Alzheimer’s Society have submitted a Budget representation to the Government, outlining what we want to see in the upcoming budget on 11 March for people affected by dementia.
With reform of social care on the political agenda for 2020, the upcoming Budget is a chance for the Government to show their commitment to improved funding and access to dementia care.
They are calling for an immediate investment of £8bn to stabilise the social care system, which is currently at breaking point, saying: “If we can stabilise the care system now, we can begin to reform it for the future, and the increasing number of people with dementia who will need it.”
“£8bn will allow the first vital step to improve access to social care. This will have benefit across the board – for families affected by dementia, for the economy, and for an already strained NHS.”
Ending the financial inequality of having dementia
As dementia progresses, the majority of costs people face are related to the help they need to do the things they can no longer do for themselves. Unlike other health conditions, these costs are not covered by the NHS.
People affected by dementia face catastrophic costs due to the lack of social care funding. We estimate typical dementia care costs are around £100k, although this can be as much as £500k, and our research has found that if people were to save for the cost of their dementia care at the same rate as their pension, they would have to save for 125 years.
Investment in the social care system would alleviate the debilitating financial pressures placed on families affected by dementia.
Reducing avoidable costs to business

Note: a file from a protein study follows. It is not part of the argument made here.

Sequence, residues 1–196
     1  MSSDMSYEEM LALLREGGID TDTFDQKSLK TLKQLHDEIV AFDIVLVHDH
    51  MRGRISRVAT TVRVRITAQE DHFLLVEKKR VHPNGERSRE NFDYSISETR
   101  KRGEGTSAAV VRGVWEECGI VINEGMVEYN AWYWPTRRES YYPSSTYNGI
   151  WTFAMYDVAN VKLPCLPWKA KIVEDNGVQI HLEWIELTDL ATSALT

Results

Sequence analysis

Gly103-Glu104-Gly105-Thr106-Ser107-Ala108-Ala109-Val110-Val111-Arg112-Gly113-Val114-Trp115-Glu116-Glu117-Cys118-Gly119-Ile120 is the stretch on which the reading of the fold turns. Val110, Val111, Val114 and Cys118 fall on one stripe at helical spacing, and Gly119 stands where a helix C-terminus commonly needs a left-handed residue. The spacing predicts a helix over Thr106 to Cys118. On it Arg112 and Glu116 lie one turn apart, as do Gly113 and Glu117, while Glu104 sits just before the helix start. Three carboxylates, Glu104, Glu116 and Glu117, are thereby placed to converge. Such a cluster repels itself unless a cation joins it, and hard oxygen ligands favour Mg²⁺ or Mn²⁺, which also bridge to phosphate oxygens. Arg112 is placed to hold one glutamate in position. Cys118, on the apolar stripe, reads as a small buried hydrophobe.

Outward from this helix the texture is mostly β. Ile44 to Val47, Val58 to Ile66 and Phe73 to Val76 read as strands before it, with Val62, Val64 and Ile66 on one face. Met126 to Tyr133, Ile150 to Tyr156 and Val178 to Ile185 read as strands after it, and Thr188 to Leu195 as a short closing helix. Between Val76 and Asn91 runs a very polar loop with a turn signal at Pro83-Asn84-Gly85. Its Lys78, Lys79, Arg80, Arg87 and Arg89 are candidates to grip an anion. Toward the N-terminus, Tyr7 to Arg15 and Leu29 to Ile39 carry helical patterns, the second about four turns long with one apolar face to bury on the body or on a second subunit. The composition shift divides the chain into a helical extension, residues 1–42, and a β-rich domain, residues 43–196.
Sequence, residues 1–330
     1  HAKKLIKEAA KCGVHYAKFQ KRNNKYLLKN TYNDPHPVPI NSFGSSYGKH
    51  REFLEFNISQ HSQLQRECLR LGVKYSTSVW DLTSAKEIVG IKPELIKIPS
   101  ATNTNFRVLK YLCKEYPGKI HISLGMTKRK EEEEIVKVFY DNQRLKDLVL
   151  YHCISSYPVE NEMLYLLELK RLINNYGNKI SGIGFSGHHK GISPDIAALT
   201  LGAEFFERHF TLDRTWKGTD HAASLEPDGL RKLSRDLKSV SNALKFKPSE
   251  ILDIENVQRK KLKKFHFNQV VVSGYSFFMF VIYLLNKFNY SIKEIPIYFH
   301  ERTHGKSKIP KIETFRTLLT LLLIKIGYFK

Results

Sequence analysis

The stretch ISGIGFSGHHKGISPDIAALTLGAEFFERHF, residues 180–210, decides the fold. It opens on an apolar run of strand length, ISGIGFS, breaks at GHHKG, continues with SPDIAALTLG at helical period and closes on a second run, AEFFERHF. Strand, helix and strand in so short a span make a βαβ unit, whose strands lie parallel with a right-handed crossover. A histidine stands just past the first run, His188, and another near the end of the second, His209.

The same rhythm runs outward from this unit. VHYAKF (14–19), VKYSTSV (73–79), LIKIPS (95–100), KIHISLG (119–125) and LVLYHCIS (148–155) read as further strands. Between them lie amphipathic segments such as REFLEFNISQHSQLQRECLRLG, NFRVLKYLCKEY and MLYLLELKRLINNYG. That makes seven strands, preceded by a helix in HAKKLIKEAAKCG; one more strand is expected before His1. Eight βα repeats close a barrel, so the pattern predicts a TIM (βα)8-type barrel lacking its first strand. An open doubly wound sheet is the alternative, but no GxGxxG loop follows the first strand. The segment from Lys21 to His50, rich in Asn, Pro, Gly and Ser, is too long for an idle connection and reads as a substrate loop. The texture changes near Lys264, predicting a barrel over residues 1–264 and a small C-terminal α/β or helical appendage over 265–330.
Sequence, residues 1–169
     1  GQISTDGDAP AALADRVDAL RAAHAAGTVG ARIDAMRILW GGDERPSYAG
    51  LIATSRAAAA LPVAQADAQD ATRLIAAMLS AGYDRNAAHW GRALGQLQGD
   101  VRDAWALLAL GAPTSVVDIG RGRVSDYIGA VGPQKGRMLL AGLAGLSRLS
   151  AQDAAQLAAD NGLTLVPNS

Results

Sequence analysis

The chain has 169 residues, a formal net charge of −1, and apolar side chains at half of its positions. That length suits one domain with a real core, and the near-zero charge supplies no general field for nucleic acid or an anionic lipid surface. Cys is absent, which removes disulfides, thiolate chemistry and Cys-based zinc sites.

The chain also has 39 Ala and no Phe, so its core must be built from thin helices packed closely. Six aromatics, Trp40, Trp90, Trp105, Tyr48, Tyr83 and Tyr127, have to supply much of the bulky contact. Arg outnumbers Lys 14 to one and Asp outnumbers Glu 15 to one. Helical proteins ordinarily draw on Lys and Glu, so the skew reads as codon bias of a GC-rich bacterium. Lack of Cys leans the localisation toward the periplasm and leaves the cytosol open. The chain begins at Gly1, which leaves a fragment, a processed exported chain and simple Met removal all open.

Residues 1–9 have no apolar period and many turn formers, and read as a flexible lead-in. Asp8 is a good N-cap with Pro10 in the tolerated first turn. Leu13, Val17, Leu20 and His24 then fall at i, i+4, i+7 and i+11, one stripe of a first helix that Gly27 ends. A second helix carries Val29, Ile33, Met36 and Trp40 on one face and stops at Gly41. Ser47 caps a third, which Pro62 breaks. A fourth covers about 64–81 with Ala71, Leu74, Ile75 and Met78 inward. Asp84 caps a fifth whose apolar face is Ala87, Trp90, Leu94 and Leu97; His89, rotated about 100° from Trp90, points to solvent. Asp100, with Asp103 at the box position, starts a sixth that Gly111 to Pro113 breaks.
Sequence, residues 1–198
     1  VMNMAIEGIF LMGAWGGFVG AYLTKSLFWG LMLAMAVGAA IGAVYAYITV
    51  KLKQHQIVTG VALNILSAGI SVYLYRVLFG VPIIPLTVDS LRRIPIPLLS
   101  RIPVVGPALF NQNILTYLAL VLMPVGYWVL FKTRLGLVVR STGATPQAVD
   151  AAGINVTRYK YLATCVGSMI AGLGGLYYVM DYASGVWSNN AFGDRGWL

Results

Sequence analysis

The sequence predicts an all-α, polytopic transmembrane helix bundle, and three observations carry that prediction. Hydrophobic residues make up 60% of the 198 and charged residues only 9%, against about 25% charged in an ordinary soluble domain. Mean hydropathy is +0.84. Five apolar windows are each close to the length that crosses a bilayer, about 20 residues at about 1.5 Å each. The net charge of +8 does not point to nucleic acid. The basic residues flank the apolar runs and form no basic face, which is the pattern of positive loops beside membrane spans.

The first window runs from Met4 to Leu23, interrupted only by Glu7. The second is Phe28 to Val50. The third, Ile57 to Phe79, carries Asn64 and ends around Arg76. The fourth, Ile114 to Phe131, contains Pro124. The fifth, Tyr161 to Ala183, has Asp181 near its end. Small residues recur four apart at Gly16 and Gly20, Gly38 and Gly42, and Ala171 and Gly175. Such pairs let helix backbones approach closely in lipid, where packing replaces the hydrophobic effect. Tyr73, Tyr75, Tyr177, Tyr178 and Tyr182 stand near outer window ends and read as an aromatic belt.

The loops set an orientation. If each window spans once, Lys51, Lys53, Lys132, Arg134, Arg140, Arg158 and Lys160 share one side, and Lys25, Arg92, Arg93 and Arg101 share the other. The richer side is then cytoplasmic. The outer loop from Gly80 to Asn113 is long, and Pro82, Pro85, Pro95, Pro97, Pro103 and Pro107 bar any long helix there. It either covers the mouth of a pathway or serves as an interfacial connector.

If people affected by dementia were to receive the support they need, it would not only benefit their wellbeing, but would also prevent costs to the health care system and wider economy.
Improved access to care would reduce the impact on carers’ mental and physical health and enable people affected by dementia to stay in the workforce for longer. Over 112,000 carers of people with dementia are no longer in paid employment due to their caring responsibilities. The loss of their skills and experience is estimated to have cost English businesses almost £2.6bn in 2019.
Without any change to accessing care, the current social care system will only negatively impact our economy, as we lose workforce members who have no choice but to become unpaid carers.
Stopping the waste of scarce NHS resources
The failing social care system is having a disastrous impact on our NHS. The funding which the Government has rightly provided to the NHS is at risk of being wasted without an equivalent investment into the social care system. The challenges in the NHS and social care are interlinked and in the long term the Government must choose to fix both or end up fixing neither.
Emergency admissions for people with dementia have risen by over a third in five years, an increase that costs the NHS an estimated £280 million a year. Improved social care for people with dementia would benefit the NHS, meaning fewer people with dementia are forced to go to A&E in crisis, and having better support in place helps enable them to leave hospital as soon as they are well enough.
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